The Belgian parliament has forbidden the veil in public spaces for the sake of security, and the French are close to similar legislation. The Danish premier has declared that “there is no place for the burqa and niqaab in our society”. The debate, however, centres on who is discriminating against whom and on what grounds — in France, some 2,000 women are believed to wear such clothes, a percentage so low that one may wonder why there should be a problem. Two-thirds of this number are French citizens and 90 per cent are younger than 40. Are European societies now obsessively fixated on symbols through which small minorities are marking their collective identities, when these emblems are not shared by the vast majority of their own ethnic and religious group? Why should the building of minarets for mosques damage the beautiful Swiss landscape more than traditional Christian bell- towers?
Yet, it is entirely understandable that societies wish to protect their own value-systems — which may include the security of persons and property, tolerance, and freedom of expression — from a minority that chooses to repudiate everything but the material advantages gained from migration to another cultural environment. But how far can such protection go without abuse of individual liberty of expression in an absolute sense?
Since the dress code of Muslim women has been pushed to the political agendas of European countries, defendants of the hijab, burqa and niqaab are inclined to claim that the Quran prescribes this kind of attire. This argument brings the issue under the protection of the fundamental freedom to practise religious or philosophical faith enshrined by the Universal Declaration and the Covenant on the Elimination of all Forms of Discrimination against Women. But the Universal Declaration itself has come to be marginalized in some Muslim countries as a product of Western culture and therefore inapplicable to Islamic societies. In 1990, the Organization of Islamic Conference, which now counts 56 nations, subjected all the rights and freedoms in the Universal Declaration to the Islamic shariah.
In the course of its history, the Muslim world did not develop the idea of separation of religious and secular authority. Nor did it develop any clerical hierarchy that was empowered to prescribe a unique orthodox interpretation of the holy book. Religious prescriptions have thus been interpreted through the centuries in different ways in different countries. In consequence, the reference to the shariah is equally open to a variety of interpretations. The scarce references in the Quran about proper dress only concern the female gender, and without attempting any contestable exegesis, it may, however, be confidently stated that such prescriptions as there are have enjoyed a heterodox observance.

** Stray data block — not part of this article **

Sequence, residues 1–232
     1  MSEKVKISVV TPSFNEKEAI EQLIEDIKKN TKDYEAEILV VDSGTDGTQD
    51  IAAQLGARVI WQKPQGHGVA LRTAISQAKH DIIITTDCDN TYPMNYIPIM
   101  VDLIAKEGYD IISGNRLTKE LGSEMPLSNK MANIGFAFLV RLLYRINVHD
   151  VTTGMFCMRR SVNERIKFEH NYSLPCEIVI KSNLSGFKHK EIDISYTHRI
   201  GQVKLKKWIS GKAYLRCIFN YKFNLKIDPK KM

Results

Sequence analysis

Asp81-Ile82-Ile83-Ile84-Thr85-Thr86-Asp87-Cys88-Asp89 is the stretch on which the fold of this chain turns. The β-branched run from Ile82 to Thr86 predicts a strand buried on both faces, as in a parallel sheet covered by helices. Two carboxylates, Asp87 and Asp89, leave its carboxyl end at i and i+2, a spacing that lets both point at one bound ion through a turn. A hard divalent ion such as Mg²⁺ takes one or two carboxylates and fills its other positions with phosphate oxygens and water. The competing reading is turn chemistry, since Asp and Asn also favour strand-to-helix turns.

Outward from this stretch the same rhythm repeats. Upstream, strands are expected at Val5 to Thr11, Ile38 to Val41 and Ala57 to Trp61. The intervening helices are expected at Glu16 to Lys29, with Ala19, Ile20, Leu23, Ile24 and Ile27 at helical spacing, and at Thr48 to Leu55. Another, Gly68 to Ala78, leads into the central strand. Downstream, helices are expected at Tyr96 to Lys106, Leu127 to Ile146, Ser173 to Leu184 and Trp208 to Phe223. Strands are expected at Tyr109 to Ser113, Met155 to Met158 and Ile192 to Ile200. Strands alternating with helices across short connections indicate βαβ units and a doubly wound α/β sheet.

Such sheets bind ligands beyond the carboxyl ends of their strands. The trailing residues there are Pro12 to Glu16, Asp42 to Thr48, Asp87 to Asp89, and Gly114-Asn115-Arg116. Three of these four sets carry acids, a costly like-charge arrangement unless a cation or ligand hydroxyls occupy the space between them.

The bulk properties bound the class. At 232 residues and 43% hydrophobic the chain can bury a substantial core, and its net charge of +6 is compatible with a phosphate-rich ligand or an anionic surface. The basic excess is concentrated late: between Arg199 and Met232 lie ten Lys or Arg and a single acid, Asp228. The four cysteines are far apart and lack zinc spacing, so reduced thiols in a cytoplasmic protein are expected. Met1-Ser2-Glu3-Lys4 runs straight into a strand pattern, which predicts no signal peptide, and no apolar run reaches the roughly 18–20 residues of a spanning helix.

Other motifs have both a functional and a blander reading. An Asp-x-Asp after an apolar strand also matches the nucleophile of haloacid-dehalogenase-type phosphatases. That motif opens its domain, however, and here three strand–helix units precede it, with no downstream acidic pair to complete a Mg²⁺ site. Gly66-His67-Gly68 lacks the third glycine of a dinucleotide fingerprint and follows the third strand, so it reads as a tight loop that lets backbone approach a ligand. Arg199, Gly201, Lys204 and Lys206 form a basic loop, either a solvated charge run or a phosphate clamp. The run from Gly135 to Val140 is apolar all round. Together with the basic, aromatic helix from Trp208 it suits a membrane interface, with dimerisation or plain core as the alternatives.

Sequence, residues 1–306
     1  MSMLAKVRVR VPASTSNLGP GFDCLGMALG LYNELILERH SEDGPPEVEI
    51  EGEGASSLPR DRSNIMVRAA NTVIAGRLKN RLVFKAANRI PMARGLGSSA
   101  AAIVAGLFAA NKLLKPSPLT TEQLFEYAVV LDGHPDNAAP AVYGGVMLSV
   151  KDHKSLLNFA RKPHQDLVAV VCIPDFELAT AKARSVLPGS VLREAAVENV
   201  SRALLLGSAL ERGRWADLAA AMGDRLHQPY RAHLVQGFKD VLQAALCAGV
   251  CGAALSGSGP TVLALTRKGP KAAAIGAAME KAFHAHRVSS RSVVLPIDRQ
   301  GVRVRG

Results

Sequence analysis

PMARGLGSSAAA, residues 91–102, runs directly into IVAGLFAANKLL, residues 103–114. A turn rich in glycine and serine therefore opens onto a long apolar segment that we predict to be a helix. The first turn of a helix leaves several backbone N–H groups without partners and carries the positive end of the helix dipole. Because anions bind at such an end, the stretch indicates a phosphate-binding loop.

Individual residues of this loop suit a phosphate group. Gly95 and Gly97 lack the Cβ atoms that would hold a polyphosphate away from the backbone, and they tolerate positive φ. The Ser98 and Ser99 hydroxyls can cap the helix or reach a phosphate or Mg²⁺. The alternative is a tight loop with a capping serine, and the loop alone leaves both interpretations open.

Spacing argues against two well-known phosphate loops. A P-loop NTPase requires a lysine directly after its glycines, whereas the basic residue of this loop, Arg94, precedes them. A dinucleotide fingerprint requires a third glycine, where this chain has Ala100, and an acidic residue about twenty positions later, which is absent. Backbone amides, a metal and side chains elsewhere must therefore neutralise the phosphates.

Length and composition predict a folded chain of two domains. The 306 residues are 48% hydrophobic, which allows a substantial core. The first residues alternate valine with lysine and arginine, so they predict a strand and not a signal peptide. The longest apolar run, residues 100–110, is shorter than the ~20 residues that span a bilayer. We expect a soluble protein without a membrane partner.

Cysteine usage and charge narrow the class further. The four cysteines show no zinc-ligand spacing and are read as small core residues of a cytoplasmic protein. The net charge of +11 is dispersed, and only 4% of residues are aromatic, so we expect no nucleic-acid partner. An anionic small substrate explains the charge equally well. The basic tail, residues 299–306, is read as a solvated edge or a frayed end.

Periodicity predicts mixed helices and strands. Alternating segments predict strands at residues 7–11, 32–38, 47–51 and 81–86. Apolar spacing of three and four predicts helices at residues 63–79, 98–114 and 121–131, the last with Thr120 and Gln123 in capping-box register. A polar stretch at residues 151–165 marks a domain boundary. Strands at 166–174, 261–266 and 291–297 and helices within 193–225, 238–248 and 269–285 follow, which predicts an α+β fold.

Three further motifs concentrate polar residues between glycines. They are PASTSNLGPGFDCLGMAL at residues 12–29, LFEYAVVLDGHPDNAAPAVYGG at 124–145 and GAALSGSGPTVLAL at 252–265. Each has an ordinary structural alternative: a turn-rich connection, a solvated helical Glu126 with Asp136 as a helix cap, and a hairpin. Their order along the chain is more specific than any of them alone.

It was perhaps the Iranian revolution of 1979 that launched a fundamentalist reaction to women who had been laying aside the veil since the early 20th century, and the donning of the chador and the hijab to make a religious statement became the marker of a new order, which reinvented an opaque tradition that had never been observed throughout the entire Islamic world.
Some Islamic fundamentalist groups outside the Islamic world, especially in the United Kingdom, are seeking to impose the shariah within their segregated communities. The imposition of a traditional female dress code is, for them, an expression of the rejection of the Western cultural environment in which they choose to live. From these circles there are calls for sexual segregation that counter the gradual and welcome evolution towards gender equality which has taken place in the last century, typified by universal suffrage, equal rights and pay and equal participation and benefits in education, professions, sports, medical care, birth control and the right of abortion.
These are deeply felt achievements relatively recently attained in democratic societies, and attempts to reject or retract from them will touch a highly sensitive nerve. Indeed, feminists will rightly point out that we still have a huge way to go before women in countries like India achieve justice and equality in the distribution of social roles.
In India, as in other democracies, society must be on guard against fundamentalist actions that seek to contest the gains in human rights which have been made over the last hundred years. Obscurantists see no irony and feel no shame in sheltering under the very laws of human rights they seek to subvert.
Speaking of liberty, Charles de Montesquieu in his De l’esprit des lois of 1748 wrote that “no concept has been used in a greater variety of meanings, and stuck in the minds in so many ways”. How true, even 260 years later.